I have accordingly been myself in the habit for some years of recommending on some occasions, as after receiving the Sacrament, &c. &c., my lost friends by name to God's goodness and compassion through His Son, as what can do them no harm, and may, and I hope will, be of service to them. Only this caution I always endeavour to observe—that I beg His forgiveness at the same time for myself if unknowingly I am too presumptuous, and His grace lest I, who am thus solicitous for others, should neglect the appointed means of my own salvation.

But I intended to write a letter of consolation and am got into theological controversy, and I fear I may already have written too much in my small handwriting for your eyes. God bless, God comfort you, my dearest Charlotte! God make your children through their future lives a source of comfort to you in this world, and bring you and them to be with your William in one family in Heaven, through Jesus Christ our Lord.

…. I have long owed you my thanks for your letter, and the kindness with which you received my attempts at consolation under a low which, alas! admits little effectual comfort, except from the secret support and blessing of the same divine Being who only afflicts us for our good, and who, if we place our hopes in Him, will never lay more on us than He at the same time enables us to bear. But I felt myself at the same time bound to answer the very interesting and very difficult question which you had suggested to me concerning the state of the dea, and their acquaintance with what passes on earth, and I have really had no leisure to give a subject the attention which it deserves and requires, nor even to satisfy myself, much more another, with the conjectures (for they deserve no other name) which I have formed.

That the intermediate state between death and judgment is not one of insensibility, or (as the Socinians fancy) a perfect suspension and interruption of existence, is plain I think from very many passages of Scripture. Thus, when Christ uses the argument taken from the Almighty calling himself the God of Abraham &c. to prove the life after death, he uses it in a manner which implies that the life of which he speaks is uninterrupted, since to make it answer his purpose, Abraham must have been alive when God thus spoke, not merely destined to live again at the general resurrection.

In like manner, St Paul speaks of his desire to depart from the world, to be immediately with Christ, which he could not have been if after death he were to sleep perhaps 3,000 years till the day of judgment. But, above all, the penitent thief was proised by our Saviour, that he should that very day be with Him in Paradise, a passage which will not bear any other meaning than that generally assigned to it, and which in that meaning is conclusive.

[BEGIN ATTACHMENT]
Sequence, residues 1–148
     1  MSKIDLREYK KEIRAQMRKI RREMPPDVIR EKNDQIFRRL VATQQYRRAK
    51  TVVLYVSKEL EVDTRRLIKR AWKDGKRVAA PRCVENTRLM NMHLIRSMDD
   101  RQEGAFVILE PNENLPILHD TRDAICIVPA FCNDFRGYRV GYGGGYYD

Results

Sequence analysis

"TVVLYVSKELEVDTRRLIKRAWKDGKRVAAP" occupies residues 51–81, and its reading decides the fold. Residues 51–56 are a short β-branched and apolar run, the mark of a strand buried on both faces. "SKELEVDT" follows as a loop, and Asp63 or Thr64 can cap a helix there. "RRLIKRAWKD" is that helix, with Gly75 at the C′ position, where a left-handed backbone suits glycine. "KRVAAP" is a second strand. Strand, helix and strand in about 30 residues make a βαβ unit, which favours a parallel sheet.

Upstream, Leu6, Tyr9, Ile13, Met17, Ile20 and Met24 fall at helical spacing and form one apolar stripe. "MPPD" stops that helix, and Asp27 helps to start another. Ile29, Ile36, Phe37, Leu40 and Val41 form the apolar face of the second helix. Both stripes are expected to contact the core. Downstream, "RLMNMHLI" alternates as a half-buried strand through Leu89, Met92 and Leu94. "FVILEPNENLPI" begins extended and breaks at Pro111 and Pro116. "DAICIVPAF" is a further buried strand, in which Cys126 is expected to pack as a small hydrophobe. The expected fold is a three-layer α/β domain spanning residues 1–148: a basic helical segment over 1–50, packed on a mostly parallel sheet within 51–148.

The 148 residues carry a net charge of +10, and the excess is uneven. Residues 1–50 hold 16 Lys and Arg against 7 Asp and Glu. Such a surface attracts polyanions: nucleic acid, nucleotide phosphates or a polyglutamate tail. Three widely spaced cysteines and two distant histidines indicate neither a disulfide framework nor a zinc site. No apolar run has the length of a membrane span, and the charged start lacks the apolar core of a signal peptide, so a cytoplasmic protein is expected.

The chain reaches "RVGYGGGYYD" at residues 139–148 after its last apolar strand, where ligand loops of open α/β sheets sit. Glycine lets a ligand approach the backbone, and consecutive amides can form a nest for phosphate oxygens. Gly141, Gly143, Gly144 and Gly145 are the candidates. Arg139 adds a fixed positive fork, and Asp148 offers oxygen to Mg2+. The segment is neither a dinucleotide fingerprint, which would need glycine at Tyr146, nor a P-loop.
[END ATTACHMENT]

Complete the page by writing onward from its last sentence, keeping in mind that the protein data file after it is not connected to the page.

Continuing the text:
As to the condition of the dead, it has been always believed by the Christian world that the souls of men are in situations of happiness or misery – the one not so perfect, and other not so intense, as will be their doom at the day of judgment; and it has been even supposed, and seems likely from all that we know of our spiritual nature, that till that time their happiness or misery must rather consist in hope or hear and the approval or disapproval of conscience, than in any actual enjoyment or punishment; and the early Christians most of them believed that, by the prayer of surviving friends, the condition of such persons might be made better, and a milder sentence obtained for their errors and infirmities from their Almighty Judge, when the doom of all creatures shall be finally settled.

This is, as you well know, a disputed point, but it is one which the wisest and most learned divines have always spoken of with doubt, without venturing to blame those who, with becoming humility, recommend the souls of those they have loved to mercy. But the notion of a purgatory fire which all, or almost all, Christians were to pass through as a necessary preparation for heaven, was never dreamt of in the Church till the ninth or tenth centuries; and the Eastern Churches to this day have never received it. It is, in fact, a strange and dismal detraction from the efficacy of Christ's blood, since the Church of Rome does not admit those who die impenitent to any share in its advantages, but sends them to hell immediately; so that it only throws a fresh obstacle in the way to heaven, in the case of those whose sins all sides suppose to be already washed out by the work of redemption.

A more difficult question remains—Whether the dead know anything of what is passing among men. On this point I can arrive at no satisfactory conclusion, any further than that there are some passages in Scripture which seem very like it. As where St. Paul
encourages us, in Heb. xii. 1, to run with patience our race,, from the consideration that we are encompassed with so great a cloud of witnesses, which witnesses, you will see in the former chapter, are the good and great men of former times. But I must defer these deep discussions till I have the pleasure of seeing you. In the meantime accept of my best wishes, my sincere affection, and permit me to add, my prayers.